Rock and Roll Book Club: Best music books of 2018

by

A selection of 2018's best music books.
A selection of 2018's best music books. (Jay Gabler/MPR)

From searing memoirs to magisterial histories, 2018 was a great year for music books. Here are my ten standouts from The Current's weekly Rock and Roll Book Club feature; click on each headline for a link to the full review.

10. Carol Tyler, Fab 4 Mania

An extraordinarily charming handwritten journal, inspired by and expanded from a diary Tyler kept when she was a Beatles-loving tween in the mid-1960s. Now that the Beatles are rock gods, the book is a welcome reminder that they were once mere mortals competing against Terry Stafford for the top of the charts; Tyler and her friends sang to drown out the sound of "Suspicion," then went back to their chewing gum wrapper chains.

9. Prince: Before the Rain

Insights and rare images from Allen Beaulieu, the photographer who worked closely with Prince in the first years of his career as a recording artist. It's poignant to see Prince relaxing and playing with bandmates who would leave his orbit within a few years, as Prince rose to superstardom after a movie that co-starred many of them.

8. Andrea Warner, Buffy Sainte-Marie: The Authorized Biography

Authorized biographies tend to be soapboxes, and by the time you finish this one, you'll want to stack all the boxes you can find underneath Sainte-Marie, a fascinating folk icon whose significance far beyond the music world remains underappreciated.

7. Gary Giddins, Bing Crosby: Swinging on a Star — The War Years, 1940-1946

The second volume of Giddins's authoritative Crosby biography arrived just in time for Der Bingle's seasonal omnipresence, but the reasons Crosby merits such a comprehensive treatment are manifest in this volume: he was a pivotal figure in American entertainment, and Giddins supplies the historical context that's essential to understanding Crosby's career.

6. Jason Heller, Strange Stars: David Bowie, Pop Music, and the Decade Sci-Fi Exploded

How has this juicy subject for a music book never been tackled before? Heller unpacks the pop-rock obsession with outer space, which peaked between "Space Oddity" (1969) and "Ashes to Ashes" (1980). The detail is fascinating, and Heller makes a plausible argument that the '70s marked a particularly utopian decade in human imaginings about space exploration.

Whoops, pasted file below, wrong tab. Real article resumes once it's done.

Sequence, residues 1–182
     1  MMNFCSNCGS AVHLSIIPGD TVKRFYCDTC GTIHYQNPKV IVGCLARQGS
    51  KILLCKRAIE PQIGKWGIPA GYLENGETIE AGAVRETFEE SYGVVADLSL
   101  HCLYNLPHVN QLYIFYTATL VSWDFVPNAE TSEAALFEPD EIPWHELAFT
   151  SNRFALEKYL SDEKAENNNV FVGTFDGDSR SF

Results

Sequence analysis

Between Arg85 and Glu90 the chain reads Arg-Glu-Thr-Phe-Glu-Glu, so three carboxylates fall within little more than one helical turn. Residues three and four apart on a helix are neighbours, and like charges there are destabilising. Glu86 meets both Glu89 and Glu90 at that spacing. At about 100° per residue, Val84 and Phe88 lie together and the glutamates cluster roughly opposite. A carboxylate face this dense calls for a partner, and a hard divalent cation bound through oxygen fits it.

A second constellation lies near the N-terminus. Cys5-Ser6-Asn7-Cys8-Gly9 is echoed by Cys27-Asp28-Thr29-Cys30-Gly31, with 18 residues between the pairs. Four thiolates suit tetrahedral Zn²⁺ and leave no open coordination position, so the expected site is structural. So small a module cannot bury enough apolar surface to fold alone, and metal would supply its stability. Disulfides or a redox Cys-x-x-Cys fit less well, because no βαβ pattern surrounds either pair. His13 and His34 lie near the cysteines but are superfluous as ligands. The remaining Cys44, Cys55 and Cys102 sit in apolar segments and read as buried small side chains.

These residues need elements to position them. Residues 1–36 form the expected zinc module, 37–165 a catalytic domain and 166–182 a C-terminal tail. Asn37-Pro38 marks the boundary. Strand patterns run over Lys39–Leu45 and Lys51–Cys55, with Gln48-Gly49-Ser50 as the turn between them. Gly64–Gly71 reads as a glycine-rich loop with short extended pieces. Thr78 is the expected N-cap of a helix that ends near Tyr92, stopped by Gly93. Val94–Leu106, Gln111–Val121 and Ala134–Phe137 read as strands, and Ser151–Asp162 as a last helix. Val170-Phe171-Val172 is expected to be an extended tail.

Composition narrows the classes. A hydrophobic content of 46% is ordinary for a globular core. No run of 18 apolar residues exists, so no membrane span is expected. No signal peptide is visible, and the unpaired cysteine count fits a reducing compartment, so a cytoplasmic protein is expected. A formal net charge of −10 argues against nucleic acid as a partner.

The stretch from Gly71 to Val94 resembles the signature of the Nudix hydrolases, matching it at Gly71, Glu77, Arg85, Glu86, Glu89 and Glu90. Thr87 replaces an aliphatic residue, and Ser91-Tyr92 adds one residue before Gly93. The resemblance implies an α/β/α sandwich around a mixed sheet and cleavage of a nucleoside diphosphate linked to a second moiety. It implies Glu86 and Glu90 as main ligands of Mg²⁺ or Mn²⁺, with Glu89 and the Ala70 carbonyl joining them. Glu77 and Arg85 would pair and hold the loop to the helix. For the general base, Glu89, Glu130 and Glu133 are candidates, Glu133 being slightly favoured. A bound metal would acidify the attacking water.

5. Dessa, My Own Devices

"I don't think you can do a collection of true stories and make it interesting if you only make yourself look cool," Dessa told The Current's Andrea Swensson. "I don't have any interest in telling secrets for the telling of secrets' sake, but unless you make yourself vulnerable, then there's no stake. Why would someone care?"

4. Jeff Tweedy, Let's Go (So We Can Get Back)

Like Dessa, Jeff Tweedy knows how to give his fans exactly what they want from a memoir: it's honest, it's vulnerable, it's funny, it's not stupid-long. In a poignant passage, he remembers the inspiration for the song "Heavy Metal Drummer," a band he and his then-bandmates in Uncle Tupelo took in.

"Hanging out on the sidelines stock-still in thrift-store flannel and work boots watching the spandexed gyrations of our peers — these pimply kids with massive hair actually having a fun time and yet still convinced of our superiority. Based on what? Our inability to enjoy ourselves?"

Fortunately, that's a trick Tweedy has learned since.

3. Beastie Boys Book

We've been waiting a long time for this one...and boy, was the wait worth it. An epic 571-page doorstop, Beastie Boys Book reads like Ad-Rock and Mike D called in a favor from everyone they ever worked with, shared every story they could remember, and didn't say no to any ideas. It's a supreme service to their fans, and ultimately to themselves.

2. Bill C. Malone and Tracey E.W. Laird, Country Music USA (50th anniversary edition)

It's kind of a cheat to put this book on a best-of-2018 list, as it dates back half a century, but the new anniversary edition brings the story of country music up to date with just as much detail and insight as the origin story first published in 1968. Crucially, Malone and Laird don't set out to tell you what country music is: they treat the genre as a question that's being continually answered.

1. Lily Allen, My Thoughts Exactly

Music isn't just about music, and neither are the best music books. Lily Allen's memoir is astonishingly wide-ranging, given that she's still just 33. My Thoughts Exactly is as searing, uncompromising, and funny as Allen's lyrics — and fortunately, by word count it's a lot longer than the average album. It's revealing, it's honest, and it acknowledges the complexities of fame and music and love.


comments powered by Disqus